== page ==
So, now on to the unicorns the media have breathlessly discovered in their hyperventilating wanderings around the Wells Fargo Center this past week:

At Vox: "The Democratic convention's most surprising argument: Christianity is a liberal religion", which somehow stated that "Just think...of how Christian [emphasis in original] it’s been, and how the convention tried to argue for Christianity as fundamentally liberal. Yes, there’s always been a Christian left, largely dominated by Jesuits and the black church. But the Christian left has been positively anemic in influence since the end of the civil rights era."

This is so utterly mindbogglingly oversimplistic it's hard to fathom. "largely dominated by Jesuits and the black church"? Maybe you could have done more than just name the first two Christian
organizations you could think of.  Seriously, just because you read that Kaine had been a Jesuit missionary, and saw some African American Christians, you leap to saying progressive Christianity has been dominated by Jesuits and the black church?What about groups like Sojourners or Evangelicals for Social Action? What about faith based organizations coming together around climate change? What about progressive women's religious orders, everyone from Sister Helen Prejean's anti-death penalty activism to Nuns on the Bus? But that would take, like, research and not just walking around the Convention floor.  Positively anemic? What about the religious left groups that been at the forefront of marriage equality and LGBT rights?  that helped rebuild black churches after they had been burned during arson attacks in the 19090s?  Hey, here's a married Episcopal priest and her wife who is part of the group challenging Mississippi's religious freedom bill.  "Anemic"?  Sure, while dynamics have changed, spend a little time with Google.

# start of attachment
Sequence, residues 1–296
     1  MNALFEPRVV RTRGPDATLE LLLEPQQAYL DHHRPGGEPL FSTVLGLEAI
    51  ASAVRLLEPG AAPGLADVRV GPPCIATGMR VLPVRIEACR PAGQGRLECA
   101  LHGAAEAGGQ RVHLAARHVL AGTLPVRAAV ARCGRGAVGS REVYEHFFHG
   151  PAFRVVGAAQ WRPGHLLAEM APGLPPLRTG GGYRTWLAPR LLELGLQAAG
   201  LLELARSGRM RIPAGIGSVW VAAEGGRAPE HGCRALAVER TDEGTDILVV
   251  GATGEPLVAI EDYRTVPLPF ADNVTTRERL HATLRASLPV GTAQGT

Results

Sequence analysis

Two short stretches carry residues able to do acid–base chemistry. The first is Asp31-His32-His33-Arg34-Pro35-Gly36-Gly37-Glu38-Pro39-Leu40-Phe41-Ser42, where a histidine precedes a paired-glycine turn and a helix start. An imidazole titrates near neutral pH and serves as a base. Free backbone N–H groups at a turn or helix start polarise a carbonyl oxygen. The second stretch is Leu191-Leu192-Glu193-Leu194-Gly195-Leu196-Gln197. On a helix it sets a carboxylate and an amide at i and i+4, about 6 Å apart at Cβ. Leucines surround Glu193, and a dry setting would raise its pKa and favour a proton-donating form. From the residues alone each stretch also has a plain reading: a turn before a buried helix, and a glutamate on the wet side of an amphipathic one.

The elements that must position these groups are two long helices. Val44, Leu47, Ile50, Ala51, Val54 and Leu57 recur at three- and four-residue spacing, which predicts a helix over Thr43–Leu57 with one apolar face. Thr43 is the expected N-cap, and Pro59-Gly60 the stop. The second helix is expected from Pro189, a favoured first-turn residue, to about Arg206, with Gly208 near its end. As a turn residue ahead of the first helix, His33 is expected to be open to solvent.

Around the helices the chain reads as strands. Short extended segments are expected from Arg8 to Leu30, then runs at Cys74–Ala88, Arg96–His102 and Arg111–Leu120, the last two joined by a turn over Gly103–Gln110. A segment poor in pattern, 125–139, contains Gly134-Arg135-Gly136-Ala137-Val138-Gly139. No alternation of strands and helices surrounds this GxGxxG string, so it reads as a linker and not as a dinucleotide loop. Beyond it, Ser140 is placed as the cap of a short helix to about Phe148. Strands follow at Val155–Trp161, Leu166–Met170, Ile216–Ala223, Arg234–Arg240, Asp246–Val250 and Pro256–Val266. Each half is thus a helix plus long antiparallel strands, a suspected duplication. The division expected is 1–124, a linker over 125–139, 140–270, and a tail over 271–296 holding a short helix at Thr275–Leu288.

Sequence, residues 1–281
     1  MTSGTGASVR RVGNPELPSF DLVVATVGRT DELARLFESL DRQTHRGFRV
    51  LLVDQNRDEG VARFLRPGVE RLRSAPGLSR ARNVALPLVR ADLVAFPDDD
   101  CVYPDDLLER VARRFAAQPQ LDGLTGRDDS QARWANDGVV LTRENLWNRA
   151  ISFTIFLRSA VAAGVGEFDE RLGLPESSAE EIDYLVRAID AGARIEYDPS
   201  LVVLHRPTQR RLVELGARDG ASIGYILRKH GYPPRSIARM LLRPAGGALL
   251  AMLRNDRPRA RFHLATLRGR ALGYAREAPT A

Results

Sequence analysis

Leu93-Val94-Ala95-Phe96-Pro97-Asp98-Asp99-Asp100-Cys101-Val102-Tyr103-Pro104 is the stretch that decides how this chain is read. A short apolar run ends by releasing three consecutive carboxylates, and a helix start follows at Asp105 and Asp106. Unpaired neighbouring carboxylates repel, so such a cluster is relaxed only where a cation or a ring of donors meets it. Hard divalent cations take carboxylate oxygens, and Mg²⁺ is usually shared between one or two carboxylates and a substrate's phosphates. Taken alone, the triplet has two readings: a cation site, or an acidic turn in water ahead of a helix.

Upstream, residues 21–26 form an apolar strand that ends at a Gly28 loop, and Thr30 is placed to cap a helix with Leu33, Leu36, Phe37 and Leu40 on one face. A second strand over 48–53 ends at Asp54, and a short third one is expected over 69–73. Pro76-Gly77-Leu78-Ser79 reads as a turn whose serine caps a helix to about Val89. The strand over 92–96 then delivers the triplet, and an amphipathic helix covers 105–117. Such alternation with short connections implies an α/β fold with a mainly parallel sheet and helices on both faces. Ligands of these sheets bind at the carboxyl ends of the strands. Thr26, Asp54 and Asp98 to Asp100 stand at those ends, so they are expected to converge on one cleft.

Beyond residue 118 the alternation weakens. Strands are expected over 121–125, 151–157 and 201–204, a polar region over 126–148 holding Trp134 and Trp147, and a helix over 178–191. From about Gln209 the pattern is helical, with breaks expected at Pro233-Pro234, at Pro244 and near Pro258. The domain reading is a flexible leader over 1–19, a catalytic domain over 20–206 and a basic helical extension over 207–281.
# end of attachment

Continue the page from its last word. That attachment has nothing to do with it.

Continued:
In Slate, "Bright Shining as the Sun: Infused with the spirit of the black church, the Democrats became the party of optimism."  Jamelle Bouie came a little closer by noting how "What is remarkable is the extent to which this kind of patriotism—and much of the mood surrounding the convention—is rooted in black traditions of political and religious rhetoric. In ways small and large, the lifeblood of the Democratic National Convention was the black church."  This is true, absolutely, but also leaves out the central place faith has played, and continues to play, in the lives of Hispanic/Latino and white Democrats.  To name two of the top of my head...hmmm...let's say HILLARY CLINTON who
Remember, in 1980 "evangelicals" preferred a divorced guy who was never really a member of a Christian church and whose wife was more into astrology than Christianity than this guy who regularly testified to his faith, taught Sunday school every week, has been married to the same woman for more than 70 years.
has been shaped by her Methodist upbringing.  Or perhaps one of the most powerful models of what it means to be a progressive Christian, JIMMY CARTER  who was PRESIDENT OF THE UNITED STATES, won the Nobel Prize, has done more for the world than any ex-president, and even beat cancer's ass.  Seriously, I think he's going to live to be a 120.

While Bouie is on target to note the influence of traditions of the African American church on the Convention, it's also important to note that Conventions themselves, as a whole, are inheritors of aspects of American Christianity.  There's important historical work done that argues that political Conventions are the descendants of the camp meetings and religious revivals of the 19th century -- here's a decent distillation here.  Mass spectacles, with series of speakers, designed to evoke social action.  Kind of like birds are the descendants of dinosaurs, Bare Naked Ladies are descended from They Might Be Giants, and Coldplay are descended from U2, Conventions as a whole are descended from camp meetings and tent revivals.  So in addition to the influence of the African American church, there is the important context of how American religion has shaped many institutions.